America Needs Less Democracy

We Americans have been fed the absurd notion that democracy is the pure representation of American government and that voting is central to our individual freedom.
It’s not.

Democracy is the passionate demands of a population motivated by anger, greed, and entitlement, but very rarely common sense. This is what democracy looks like. If you don’t believe me then you haven’t been paying much attention to American politics.

 (Karl Knigton)
(Karl Knighton)

Just look at which presidential candidates are getting the most media coverage and think about the things they have been saying and where they stand in democratic polls. The top three (Donald Trump, Hillary Clinton, and Bernie Sanders) could easily represent anger, greed, and entitlement in that order.

So let’s get over this myth that democracy is the solution for all our social and political ills. In reality it’s little more than a fix-all elixir being sold by progressive political quacks. Regardless, it has been infecting every level of our constitutional republic for more than a century.

The motives of those shouting for democracy should always be suspect.

Our nation’s founders understood the importance of a limited amount of democracy within our constitutional republic. Even the Electoral College process is organized to prevent more populous states from maintaining a mob like control over the office of president. The Electoral College tempers true democracy in order to protect state and individual rights.

And although we were meant to democratically elect individuals from our own communities to the House of Representatives, the U.S. Senate was never meant to be subjected to the mob rule of a popular vote.

The founders wanted to ensure our Constitution could repel “the hasty, intemperate, passionate desire of the people.James Madison described the Senate as a governmental body to “protect the people against their rulers” and “to protect the people against the transient impressions into which they themselves might be led.”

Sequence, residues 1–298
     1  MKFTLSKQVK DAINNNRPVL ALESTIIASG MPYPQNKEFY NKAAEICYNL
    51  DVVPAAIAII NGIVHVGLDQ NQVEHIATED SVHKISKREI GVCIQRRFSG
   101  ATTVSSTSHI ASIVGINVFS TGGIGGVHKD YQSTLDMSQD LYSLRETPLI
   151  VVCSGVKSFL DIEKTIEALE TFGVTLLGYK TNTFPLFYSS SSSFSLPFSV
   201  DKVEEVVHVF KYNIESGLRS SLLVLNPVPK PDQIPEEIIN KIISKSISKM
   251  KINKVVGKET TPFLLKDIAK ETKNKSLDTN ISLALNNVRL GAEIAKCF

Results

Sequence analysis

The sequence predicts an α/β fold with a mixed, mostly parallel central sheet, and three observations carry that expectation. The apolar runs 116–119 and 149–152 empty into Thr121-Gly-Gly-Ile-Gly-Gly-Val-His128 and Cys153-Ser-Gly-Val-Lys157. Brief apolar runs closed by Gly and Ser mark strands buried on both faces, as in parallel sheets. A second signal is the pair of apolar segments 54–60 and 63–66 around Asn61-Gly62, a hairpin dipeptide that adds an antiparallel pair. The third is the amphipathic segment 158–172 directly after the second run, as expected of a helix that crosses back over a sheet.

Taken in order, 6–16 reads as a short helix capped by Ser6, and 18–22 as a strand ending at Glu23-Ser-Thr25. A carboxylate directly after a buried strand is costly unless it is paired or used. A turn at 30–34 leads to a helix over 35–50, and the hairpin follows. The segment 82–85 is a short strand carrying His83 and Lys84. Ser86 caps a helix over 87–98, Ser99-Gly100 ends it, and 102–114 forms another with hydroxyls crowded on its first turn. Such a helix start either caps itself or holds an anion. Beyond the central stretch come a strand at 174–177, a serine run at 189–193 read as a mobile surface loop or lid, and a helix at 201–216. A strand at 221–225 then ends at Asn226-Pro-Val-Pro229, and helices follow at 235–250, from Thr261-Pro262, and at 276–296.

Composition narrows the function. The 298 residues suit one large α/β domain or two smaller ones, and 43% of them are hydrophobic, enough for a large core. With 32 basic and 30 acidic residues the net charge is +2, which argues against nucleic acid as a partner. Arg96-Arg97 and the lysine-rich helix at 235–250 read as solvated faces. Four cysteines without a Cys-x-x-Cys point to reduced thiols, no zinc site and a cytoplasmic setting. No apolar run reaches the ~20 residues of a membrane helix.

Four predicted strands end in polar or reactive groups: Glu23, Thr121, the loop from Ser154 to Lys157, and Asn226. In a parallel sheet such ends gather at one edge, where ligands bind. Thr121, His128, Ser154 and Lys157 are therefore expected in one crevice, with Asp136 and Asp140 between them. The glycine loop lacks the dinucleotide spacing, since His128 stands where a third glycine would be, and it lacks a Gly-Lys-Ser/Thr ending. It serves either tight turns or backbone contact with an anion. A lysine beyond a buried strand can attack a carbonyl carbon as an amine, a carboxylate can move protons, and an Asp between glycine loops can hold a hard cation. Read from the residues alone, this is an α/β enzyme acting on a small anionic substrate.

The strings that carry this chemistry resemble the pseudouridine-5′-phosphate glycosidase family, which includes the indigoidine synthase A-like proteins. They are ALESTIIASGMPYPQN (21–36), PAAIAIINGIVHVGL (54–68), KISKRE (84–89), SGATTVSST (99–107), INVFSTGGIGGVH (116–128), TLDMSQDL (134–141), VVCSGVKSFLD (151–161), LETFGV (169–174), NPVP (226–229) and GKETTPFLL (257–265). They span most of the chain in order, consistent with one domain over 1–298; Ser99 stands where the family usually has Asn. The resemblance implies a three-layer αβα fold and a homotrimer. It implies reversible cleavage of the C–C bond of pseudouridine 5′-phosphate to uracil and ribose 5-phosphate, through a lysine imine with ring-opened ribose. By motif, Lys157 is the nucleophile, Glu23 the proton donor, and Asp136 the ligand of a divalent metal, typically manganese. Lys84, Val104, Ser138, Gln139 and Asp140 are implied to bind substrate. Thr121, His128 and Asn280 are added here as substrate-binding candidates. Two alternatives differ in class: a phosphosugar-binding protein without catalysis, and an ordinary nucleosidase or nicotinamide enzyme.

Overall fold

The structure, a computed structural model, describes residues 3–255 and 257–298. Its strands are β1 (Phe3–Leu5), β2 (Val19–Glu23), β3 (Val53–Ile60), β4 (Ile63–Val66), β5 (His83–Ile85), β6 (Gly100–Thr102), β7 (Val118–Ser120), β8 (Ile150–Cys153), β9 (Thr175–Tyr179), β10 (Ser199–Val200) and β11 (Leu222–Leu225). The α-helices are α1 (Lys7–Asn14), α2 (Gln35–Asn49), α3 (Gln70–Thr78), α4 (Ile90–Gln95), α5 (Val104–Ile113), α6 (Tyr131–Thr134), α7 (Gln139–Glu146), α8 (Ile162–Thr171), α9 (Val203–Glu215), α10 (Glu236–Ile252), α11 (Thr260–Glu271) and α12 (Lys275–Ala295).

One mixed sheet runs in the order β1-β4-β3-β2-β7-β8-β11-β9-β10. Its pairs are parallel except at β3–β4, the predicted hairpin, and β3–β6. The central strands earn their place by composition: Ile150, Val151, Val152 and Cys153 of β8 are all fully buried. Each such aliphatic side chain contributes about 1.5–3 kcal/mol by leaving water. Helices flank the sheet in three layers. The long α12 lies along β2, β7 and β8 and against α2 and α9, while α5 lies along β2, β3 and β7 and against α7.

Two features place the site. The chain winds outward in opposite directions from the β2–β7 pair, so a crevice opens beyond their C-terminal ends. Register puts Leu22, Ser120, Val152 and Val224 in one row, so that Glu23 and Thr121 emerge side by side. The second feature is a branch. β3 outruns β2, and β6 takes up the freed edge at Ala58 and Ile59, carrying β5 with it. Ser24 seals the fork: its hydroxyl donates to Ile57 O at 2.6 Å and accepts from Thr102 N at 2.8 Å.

In order to ensure these protections they gave the power to elect U.S. senators to the state legislative bodies. This is how they chose to insulate the Senate from popular transient agendas while at the same time tying the interests of the states to the federal government.

This insulation is ultimately what progressives despised about the system. They wanted an organization they could influence by manipulating the “passionate desire of the people” for their own purposes.

Near the beginning of the 20th century the progressive movement openly slandered our nation’s founding document as an “ancient and aristocratic constitution, changed once, away back before the middle of the last century, but still an archaic document for class rule.”

Sound familiar?

The progressive democracy camp was responsible for a 1906 Cosmopolitan series of articles entitled “The Treason of the Senate.” The articles were part of a major progressive initiative which ultimately led to statewide popular elections of senators in 1913 with the adoption of the 17th Amendment.

The change was based on the premise of getting money out of politics. Senate History outlines the change in this way:

As originally adopted, the Constitution provided for the election of senators by individual state legislatures. In the years following the Civil War, that system became increasingly subject to bribery, fraud, and deadlock. As Congress took on a greater role in shaping an industrializing nation, those with a major business stake in that development believed they could best exert their influence on the U.S. Senate by offering financial incentives to the state legislators who selected its members.

The progressives are still out there hyping the same arguments about the influence of money in government that they were making a hundred years ago. Judging by the amount of money being spent in politics today the change obviously hasn’t worked… at least not as it was sold to the American people.

The changes were in fact successful in making it easier for exterior forces to manipulate the “transient impressions” of voters in order to push an unconstitutional agenda.

You don’t have to look any further than Harry Reid, Chuck Schumer, or Dianne Feinstein to find evidence the Senate is no longer the world’s greatest deliberative body it was intended to be. The Senate is now a reactionary body, driven by the democratic votes of a manipulated population.

Democracy is the reason progressives have been able to stack the Supreme Court with so many anti-Constitutional Justices. Democracy is the reason we have Obama-Care. Democracy is the reason we are in a constant struggle to protect our Constitutional rights from an overreaching Federal government. All this and more because the Senate was made into a democratic tool for the progressive agenda.

America has suffered enough from the problem of democracy; it’s time to repeal the 17th Amendment. We need to place the Senate back under the control of our State Legislative representatives as intended by our Founding Fathers.

America needs less democracy.

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